“It was like Twilight Zone,” she laughs exasperatedly. “I actually took the topless picture of me that they used and I printed it on T-shirts, and I played the show, sold the shirts and gave the money to a women’s shelter. And I said I was never going to play Detroit again and I didn’t.”

‘I embrace imperfections’: Queen Kwong likes to let loose when performing

Her video for “One Lung”, directed by Tammy Sanchez, was a response in-part to that incident, but more generally a response to the harassment and abuse Callaway receives all the time.

“Throughout much of history, we as women have been told what to do with our bodies, what to think of our bodies, what our bodies are for, what they should look like, who should view them and when, and in what light,” Sanchez said in a mission statement for the video.

“Society and culture send these messages, but more particularly, the ones at the top of the power structures issue these mandates to us. This piece is not about them.

“This visual piece is about reclaiming autonomy over our own bodies. This video was made by women and is about the female body belonging only to itself. This piece is not about sex. It is about power. It is about beauty. It is about strength.”

Callaway credits having to deal with such a barrage of misogyny through her career for why she doesn’t suffer from stage fright: “I’m not afraid of f**king up. So for me there’s no second thought.

“I’m not apologetic, I’ve said some things that have upset people or made them uncomfortable. Like ‘you’re not supposed to be doing that, you’re a woman’. It’s really hard for me to comprehend how this can be an ongoing thing in society, but at the same time it’s not surprising at all. When the #MeToo stuff started happening, most women were like, ‘well yeah, duh’. Everybody was shocked by this behaviour, except women.”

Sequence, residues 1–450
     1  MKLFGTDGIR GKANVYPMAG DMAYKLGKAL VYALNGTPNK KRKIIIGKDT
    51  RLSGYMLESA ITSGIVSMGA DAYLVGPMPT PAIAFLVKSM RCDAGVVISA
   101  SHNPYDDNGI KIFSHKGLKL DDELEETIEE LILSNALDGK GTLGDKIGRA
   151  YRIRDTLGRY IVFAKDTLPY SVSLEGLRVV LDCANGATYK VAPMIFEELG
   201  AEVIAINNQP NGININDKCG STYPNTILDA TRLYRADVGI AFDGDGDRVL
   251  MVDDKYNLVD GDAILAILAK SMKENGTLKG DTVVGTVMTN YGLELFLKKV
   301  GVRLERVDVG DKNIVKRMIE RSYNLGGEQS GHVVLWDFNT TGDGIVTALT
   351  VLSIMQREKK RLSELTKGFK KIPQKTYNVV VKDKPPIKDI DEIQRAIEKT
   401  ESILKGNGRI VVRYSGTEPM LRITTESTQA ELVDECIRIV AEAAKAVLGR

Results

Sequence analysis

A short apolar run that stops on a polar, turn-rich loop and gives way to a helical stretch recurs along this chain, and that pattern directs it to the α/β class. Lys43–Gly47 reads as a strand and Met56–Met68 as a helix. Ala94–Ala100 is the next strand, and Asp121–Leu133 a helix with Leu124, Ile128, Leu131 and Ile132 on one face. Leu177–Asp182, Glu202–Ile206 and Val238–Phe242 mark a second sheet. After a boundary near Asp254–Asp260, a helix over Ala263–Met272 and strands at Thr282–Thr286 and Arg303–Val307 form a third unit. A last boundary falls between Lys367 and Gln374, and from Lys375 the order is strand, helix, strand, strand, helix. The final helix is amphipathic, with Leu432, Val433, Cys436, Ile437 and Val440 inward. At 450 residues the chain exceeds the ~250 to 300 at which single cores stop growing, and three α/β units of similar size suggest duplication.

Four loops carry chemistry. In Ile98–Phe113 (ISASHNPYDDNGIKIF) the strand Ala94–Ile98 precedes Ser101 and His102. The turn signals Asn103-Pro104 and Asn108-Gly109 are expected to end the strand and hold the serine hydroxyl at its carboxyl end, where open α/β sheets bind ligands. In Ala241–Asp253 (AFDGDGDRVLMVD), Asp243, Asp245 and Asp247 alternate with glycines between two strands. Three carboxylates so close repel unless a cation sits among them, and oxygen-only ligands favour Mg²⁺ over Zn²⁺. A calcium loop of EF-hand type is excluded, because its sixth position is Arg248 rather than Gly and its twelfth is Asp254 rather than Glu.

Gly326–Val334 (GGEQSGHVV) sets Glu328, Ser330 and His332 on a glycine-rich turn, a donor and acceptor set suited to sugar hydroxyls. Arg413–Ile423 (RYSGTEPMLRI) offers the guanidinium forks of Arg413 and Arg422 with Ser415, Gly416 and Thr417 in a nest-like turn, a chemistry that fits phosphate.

Most irritating of all is when her art is credited to other people: a guitar line she wrote is attributed to the man playing it at her live shows; or music writers feel compelled to list the achievements of the men she works with, rather than her own.

“Those guys were credited for stuff I wrote. There were even reviews for the last record that praised so-and-so’s ‘sonic guitar sound’… and it’s like, ‘they’re not even on the f**king record’. If you’re fronting a band as a woman and you’re singing, nobody believes you wrote the music.”

She stays in touch with Reznor, and while they don’t operate within the same genre, she welcomes his feedback: “I think we approach making music slightly differently, so I don’t go to him expecting him to be a fan of everything I do,” she says, “but the advice he gives me is always something I take to heart.

“Our connection from the get-go has been because we have the same work ethic, we have a lot of the same ideas in terms of what music should be and what it is to us, and what we want it to represent it.”

There were two pieces of advice Reznor gave her that stuck: Firstly, that her band is not a democracy (“It sounds harsh, but it’s my vision and it’s what I want to do, and if people want to be part of it then great, but it’s something I started.”)

And, secondly, not to pander to trends in music. “That is something I’ve had to focus on and really commit myself to, and it’s been the biggest struggle for me,” she admits. “I’ve had to put faith into it, and even though sometimes I feel like it’s hindered my immediate success, I hope that it will pay off in the long run where I can have a big body of work that is truly representative of me.”

Labels now seem more comfortable with women-fronted, or all-female bands, she suggests, whereas five years ago people told her it had “been done”. ”And I ignored it and grew into the artist I am now. Now the 90s are cool again, and part of me was like… wait, I was doing this three years ago!”

“I’m a different artist now,” she adds. “I still question my decision, only because it’s scary as an artist when my success isn’t determined by how hard I work or how good I am… it’s other people’s taste. But I just go back to Trent’s advice and hope people get it and connect with it, and that’s all I can really do.”

‘Love Me To Death’ is released on 13 April via Edison Records. Queen Kwong plays the Shacklewell Arms in London on 9 May